In addition to the rheumatoid arthritis disease processes and medications, there are a number of lifestyle and comorbid factors that can cause, contribute to, and/or exacerbate chronic fatigue.
Depression and other mood disorders. Just as fatigue can cause depression, depression can cause fatigue. People who are depressed may feel sluggish and want to avoid work, chores, and social activities. Anxiety is another mood disorder commonly correlated with rheumatoid arthritis that can potentially lead to or contribute to chronic fatigue.
Low quality sleep. Many experts describe chronic fatigue as a problem that is not directly related to sleep, but people suffering from fatigue should not overlook this factor. As many as half of rheumatoid arthritis patients report sleep problems.1 They may not get enough sleep because of joint pain, depression, sleep apnea, or other factors.
Lack of exercise. While this notion may seem counterintuitive, regular exercise can alleviate fatigue. Evidence shows exercise seems to improve quality of sleep and reduce fatigue.2 Of course, those with RA may be less inclined to exercise due to pain and often the patient's pain needs to be adequately treated prior to starting to exercise.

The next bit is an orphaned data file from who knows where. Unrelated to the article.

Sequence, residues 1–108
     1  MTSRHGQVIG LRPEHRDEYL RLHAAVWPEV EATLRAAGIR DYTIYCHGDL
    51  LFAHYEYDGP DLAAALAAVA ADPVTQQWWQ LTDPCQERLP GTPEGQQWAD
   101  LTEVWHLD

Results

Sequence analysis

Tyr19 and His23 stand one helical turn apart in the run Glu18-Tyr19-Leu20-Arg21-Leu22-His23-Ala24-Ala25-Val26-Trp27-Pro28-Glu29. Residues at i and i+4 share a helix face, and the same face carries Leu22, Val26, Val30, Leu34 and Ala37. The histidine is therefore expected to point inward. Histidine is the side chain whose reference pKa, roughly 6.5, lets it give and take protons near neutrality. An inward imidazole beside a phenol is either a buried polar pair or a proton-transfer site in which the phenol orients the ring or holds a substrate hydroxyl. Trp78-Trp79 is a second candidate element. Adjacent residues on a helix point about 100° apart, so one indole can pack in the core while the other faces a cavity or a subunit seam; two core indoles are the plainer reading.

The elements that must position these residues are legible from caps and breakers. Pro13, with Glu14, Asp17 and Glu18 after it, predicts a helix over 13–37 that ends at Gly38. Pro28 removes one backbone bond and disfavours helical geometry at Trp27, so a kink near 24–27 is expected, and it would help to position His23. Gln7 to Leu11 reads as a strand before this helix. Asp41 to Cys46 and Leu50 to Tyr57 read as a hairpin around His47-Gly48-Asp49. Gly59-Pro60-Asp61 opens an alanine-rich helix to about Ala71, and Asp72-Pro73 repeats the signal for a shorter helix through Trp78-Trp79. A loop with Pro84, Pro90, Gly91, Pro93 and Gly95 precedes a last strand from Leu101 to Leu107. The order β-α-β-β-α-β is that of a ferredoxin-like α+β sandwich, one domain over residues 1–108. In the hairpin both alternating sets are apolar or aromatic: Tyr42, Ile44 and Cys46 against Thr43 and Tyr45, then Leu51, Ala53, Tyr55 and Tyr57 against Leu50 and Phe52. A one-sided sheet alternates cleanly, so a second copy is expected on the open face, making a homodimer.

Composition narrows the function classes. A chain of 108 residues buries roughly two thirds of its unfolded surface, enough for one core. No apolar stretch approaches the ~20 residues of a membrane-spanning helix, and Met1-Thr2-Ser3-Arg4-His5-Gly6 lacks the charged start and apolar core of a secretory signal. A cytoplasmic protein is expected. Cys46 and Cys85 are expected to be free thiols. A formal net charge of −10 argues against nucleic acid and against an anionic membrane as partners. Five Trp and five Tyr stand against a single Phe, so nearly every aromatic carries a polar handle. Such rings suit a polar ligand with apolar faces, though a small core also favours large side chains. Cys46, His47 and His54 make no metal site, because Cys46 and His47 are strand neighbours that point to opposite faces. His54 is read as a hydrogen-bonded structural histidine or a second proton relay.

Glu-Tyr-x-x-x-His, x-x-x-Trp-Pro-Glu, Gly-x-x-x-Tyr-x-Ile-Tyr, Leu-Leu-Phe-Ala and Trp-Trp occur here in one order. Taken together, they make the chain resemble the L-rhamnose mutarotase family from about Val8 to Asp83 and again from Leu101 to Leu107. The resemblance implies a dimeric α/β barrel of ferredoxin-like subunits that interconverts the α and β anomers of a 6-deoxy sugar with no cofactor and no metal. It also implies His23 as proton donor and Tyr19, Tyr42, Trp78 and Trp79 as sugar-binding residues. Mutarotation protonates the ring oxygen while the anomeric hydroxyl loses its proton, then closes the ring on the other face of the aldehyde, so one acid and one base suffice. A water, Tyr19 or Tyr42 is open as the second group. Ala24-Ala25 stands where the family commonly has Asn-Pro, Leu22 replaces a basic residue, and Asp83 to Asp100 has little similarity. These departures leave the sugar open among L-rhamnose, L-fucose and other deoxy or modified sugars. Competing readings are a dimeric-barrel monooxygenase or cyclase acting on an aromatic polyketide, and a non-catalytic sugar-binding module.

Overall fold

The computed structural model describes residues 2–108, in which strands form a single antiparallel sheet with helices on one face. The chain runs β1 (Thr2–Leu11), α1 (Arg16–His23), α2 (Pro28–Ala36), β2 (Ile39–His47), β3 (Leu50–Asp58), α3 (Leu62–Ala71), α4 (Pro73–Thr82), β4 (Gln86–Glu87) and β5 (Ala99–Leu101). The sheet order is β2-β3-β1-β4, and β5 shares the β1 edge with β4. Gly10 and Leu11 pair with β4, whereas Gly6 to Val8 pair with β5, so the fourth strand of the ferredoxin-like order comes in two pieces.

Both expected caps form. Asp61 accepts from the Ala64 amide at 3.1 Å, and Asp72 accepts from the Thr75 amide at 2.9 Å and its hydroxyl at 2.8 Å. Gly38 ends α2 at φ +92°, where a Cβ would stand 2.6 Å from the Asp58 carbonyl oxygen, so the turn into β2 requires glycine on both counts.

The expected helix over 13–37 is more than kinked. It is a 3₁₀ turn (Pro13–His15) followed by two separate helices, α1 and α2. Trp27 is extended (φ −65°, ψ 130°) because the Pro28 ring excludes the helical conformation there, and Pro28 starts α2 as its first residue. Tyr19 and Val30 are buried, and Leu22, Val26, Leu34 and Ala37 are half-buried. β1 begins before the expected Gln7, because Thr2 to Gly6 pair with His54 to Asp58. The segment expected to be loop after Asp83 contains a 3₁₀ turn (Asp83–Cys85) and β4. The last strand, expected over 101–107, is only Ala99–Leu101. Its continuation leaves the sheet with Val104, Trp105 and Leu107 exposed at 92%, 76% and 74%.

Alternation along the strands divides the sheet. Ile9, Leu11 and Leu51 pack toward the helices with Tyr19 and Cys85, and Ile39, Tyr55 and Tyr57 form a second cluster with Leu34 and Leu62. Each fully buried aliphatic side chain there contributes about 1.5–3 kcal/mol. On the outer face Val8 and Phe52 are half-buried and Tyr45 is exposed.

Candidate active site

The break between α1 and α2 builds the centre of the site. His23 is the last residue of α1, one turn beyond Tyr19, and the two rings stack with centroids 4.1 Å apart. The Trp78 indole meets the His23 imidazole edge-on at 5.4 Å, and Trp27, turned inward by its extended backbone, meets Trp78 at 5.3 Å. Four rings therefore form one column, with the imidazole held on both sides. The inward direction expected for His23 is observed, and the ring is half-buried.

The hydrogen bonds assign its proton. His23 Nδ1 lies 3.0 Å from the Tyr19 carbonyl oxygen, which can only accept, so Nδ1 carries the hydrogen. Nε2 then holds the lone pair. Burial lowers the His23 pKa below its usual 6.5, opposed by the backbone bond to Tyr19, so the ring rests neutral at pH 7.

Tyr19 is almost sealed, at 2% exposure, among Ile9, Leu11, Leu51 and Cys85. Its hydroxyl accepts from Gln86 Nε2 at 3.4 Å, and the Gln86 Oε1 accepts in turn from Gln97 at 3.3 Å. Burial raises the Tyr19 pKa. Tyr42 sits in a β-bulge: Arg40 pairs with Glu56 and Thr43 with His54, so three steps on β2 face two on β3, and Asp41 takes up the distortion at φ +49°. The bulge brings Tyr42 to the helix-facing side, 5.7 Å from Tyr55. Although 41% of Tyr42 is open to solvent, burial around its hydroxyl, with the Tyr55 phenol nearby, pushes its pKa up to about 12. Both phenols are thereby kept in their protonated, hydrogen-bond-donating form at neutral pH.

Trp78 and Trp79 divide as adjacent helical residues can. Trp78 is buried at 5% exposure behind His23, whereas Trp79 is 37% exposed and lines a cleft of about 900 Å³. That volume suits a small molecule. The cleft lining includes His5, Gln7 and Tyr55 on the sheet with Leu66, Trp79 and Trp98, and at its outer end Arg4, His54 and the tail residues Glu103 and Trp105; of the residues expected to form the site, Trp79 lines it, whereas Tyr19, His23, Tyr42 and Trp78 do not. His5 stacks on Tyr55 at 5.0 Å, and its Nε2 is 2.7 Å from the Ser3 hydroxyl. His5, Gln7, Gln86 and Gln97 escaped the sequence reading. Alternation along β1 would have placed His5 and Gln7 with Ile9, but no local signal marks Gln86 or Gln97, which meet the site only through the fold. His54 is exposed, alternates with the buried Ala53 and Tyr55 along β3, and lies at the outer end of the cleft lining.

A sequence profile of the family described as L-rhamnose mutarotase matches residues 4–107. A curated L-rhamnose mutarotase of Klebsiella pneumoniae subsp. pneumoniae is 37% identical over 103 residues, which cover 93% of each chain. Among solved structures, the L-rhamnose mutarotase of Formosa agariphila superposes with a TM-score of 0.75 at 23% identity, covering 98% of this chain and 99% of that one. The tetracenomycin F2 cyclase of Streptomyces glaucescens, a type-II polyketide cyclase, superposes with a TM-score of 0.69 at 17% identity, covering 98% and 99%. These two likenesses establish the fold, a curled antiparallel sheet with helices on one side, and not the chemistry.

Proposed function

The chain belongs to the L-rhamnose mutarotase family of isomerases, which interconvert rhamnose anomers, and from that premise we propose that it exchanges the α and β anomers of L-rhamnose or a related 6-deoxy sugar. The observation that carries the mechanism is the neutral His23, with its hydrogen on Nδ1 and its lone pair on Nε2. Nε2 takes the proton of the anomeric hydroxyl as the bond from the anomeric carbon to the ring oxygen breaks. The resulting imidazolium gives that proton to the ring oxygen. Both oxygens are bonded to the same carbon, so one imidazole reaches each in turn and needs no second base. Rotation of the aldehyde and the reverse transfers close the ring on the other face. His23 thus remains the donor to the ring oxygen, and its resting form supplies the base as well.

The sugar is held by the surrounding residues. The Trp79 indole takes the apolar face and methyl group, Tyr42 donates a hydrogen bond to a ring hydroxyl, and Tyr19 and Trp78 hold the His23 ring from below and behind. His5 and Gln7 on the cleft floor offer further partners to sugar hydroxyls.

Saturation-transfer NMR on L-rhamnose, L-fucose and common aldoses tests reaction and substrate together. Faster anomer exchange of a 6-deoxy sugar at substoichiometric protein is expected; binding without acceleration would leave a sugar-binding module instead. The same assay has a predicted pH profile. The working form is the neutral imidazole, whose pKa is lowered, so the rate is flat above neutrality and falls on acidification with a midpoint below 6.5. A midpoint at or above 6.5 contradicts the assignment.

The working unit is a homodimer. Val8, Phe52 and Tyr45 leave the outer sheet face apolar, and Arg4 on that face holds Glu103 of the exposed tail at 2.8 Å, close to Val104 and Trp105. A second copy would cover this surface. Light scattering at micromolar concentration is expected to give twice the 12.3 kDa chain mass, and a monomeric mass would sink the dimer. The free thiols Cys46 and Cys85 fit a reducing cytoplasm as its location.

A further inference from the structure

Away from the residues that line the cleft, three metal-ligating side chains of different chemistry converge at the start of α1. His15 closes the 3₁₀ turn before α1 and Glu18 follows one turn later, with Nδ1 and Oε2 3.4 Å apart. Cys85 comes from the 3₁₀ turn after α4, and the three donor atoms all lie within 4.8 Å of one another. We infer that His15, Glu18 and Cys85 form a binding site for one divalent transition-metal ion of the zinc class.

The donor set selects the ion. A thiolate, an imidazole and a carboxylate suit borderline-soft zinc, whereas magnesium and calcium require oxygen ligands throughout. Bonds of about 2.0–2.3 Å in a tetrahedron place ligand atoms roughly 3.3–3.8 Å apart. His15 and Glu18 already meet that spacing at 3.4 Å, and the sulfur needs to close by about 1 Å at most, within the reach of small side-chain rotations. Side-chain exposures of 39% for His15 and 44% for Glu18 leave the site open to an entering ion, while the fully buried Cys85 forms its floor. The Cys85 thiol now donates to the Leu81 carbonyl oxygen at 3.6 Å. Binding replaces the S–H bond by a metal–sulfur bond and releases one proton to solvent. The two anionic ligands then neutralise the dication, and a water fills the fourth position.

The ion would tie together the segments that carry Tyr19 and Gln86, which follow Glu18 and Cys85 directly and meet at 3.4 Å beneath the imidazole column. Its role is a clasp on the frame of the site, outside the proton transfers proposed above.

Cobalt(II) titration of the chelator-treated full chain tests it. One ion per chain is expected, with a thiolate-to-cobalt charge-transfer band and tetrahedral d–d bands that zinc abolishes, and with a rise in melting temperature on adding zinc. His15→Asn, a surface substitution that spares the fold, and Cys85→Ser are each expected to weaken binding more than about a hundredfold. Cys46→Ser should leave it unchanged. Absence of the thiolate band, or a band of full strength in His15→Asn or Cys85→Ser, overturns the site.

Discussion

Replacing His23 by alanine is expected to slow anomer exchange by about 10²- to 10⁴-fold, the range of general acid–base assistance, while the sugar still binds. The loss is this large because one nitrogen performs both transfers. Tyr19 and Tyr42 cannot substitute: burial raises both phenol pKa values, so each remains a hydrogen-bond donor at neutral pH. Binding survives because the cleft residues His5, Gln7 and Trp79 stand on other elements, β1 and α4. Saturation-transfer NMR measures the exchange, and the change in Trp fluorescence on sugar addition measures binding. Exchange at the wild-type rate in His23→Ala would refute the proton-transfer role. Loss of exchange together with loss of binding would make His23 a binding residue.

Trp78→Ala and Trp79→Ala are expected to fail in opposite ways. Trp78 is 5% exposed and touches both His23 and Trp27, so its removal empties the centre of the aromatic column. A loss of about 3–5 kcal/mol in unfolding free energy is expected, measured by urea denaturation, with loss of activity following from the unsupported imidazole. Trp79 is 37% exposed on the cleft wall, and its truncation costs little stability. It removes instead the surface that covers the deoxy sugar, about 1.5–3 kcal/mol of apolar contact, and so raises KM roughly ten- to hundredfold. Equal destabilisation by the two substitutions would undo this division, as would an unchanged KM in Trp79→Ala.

Other health conditions. People with rheumatoid arthritis are more prone to other medical conditions, such as fibromyalgia, hypertension, and diabetes, which are associated with fatigue.
If doctors and patients can identify the root cause of fatigue, they may be able to come up with a plan to lessen or alleviate it. It may be that one or more of these factors cause fatigue, or it may be another factor(s) at play.
The bottom line is that the more information patients supply to their doctors concerning their specific fatigue symptoms, the better chance fatigue can be evaluated and addressed.